“Biosimilars are such an underutilized entity to truly drive down costs and generate savings. We are heartened by the fact that several pieces of legislation have been introduced to help change provider and patient incentives,” said Molly Burich, MS, Director, Public Policy, Biosimilars and Reimbursement at Boehringer Ingelheim.
A panel at last week’s GRx+Biosims meeting focused its remarks on the potential of legislative proposals brewing on Capitol Hill to incentivize biosimilar uptake.
Incentives for Patients and Doctors
In Medicare Part B, Ms. Burich explained, beneficiaries have a 20% co-insurance, and about 85% will have wraparound or gap insurance that covers this out-of-pocket cost. However, about 15% do not. According to Ms. Burich, removing this co-insurance for biosimilar use through the legislative process would generate sufficient savings through the lower costs of these drugs to fund it.
“Physicians say that patient out-of-pocket costs,” she noted, “are their number 2 concern.” She also raised the potential of utilizing a shared-savings model to incentivize biosimilar use, such as allowing clinicians who prescribe the lower-cost drug to share in the government’s savings. Legislation containing this provision has not yet been introduced, she emphasized.
Another mechanism to induce greater physician prescribing is to increase the average sales price (ASP) add-on payment, where ASP+8% may incent more physicians to prescribe biosimilars. The current payment of ASP+6% hasn’t encouraged sufficient physicians and groups to move to biosimilars, said Ms. Burich.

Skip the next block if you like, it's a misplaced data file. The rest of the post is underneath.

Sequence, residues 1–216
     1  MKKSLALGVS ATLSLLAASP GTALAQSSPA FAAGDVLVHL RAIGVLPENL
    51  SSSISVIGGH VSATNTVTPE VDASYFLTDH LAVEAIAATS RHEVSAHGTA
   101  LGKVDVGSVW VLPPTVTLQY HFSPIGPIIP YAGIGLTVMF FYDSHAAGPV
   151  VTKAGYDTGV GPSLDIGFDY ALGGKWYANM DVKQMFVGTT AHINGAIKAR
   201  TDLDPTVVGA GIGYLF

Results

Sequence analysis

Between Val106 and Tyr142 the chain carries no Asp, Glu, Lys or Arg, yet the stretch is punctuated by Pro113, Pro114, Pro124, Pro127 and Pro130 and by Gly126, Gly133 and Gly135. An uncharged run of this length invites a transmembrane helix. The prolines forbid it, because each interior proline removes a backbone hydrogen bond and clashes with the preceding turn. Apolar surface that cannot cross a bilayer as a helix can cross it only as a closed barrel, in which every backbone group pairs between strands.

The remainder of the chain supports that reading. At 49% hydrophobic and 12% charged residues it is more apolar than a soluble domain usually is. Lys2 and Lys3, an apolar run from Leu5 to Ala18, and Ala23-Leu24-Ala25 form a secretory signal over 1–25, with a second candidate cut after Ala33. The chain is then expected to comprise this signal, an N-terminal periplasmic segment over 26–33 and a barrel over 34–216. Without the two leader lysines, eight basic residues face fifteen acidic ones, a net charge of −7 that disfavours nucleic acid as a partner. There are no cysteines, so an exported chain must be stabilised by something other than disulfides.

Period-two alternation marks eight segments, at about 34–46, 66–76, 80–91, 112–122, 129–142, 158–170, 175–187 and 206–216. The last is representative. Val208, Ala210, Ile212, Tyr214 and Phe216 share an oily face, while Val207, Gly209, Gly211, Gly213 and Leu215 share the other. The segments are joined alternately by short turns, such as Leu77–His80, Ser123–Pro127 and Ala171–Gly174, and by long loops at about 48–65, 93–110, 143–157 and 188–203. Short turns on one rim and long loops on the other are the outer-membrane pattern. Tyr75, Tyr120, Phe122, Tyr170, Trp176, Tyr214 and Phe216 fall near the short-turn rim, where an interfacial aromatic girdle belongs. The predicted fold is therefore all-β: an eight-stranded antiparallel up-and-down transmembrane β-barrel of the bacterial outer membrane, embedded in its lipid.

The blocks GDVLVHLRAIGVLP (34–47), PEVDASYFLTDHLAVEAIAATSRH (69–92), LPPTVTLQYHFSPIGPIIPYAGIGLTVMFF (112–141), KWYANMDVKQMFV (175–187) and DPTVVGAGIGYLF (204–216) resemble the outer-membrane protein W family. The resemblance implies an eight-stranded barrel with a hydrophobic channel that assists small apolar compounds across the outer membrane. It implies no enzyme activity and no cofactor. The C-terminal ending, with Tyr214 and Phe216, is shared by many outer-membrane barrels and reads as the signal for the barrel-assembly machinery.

What About Part D?
Recognizing that virtually all marketed biosimilars are covered under a medical or Part B benefit, Mr. Burich pointed out that “we should be using this time to prepare the Part D benefit for biosimliars.” Many payers currently manage the use of self-administered injectables under the pharmacy (or Part D) benefit, and when adalimumab biosimilars are available in 2023, payers will need to be ready. She said that a couple of ideas were introduced around the Medicare Star ratings for Medicare Advantage plans, by perhaps alerting beneficiaries of lower-cost products being available on formulary.
As Erika Satterwhite, Head of Global Biosimilars Policy at Mylan, stated, “The core principal of biosimilars is access.” Yet, patent abuse is the number 1 challenge to bringing new biosimilars to the market. Admittedly, after the flurry of discussions earlier this year about the Federal Trade Commission (FTC) exercising its authority to invalidate anticompetitive patents, there is little activity to change this at the moment. Several current proposals in the Congress and Senate attempt to limit the number of patents for biologics that can be claimed subject to infringement (e.g., 20 in at least one proposal), but these bills, if passed, would only affect new biosimilar applications and companies choosing to participate in the “patent dance.”
Even some biotechnology manufacturers are beginning to recognize the inherent problems with patents and access. James Carey, Executive Director, US Health Policy, Merck & Co., Inc, said, “Intellectual property [IP] is the lifeblood of our innovation. However, we have made it clear that we have a strong belief that once the IP has been exhausted, safe and effective biosimilars should be available on the market.” One bill in the House would require more transparency around patents; this would be reflected in a far more useful Purple Book than exists today.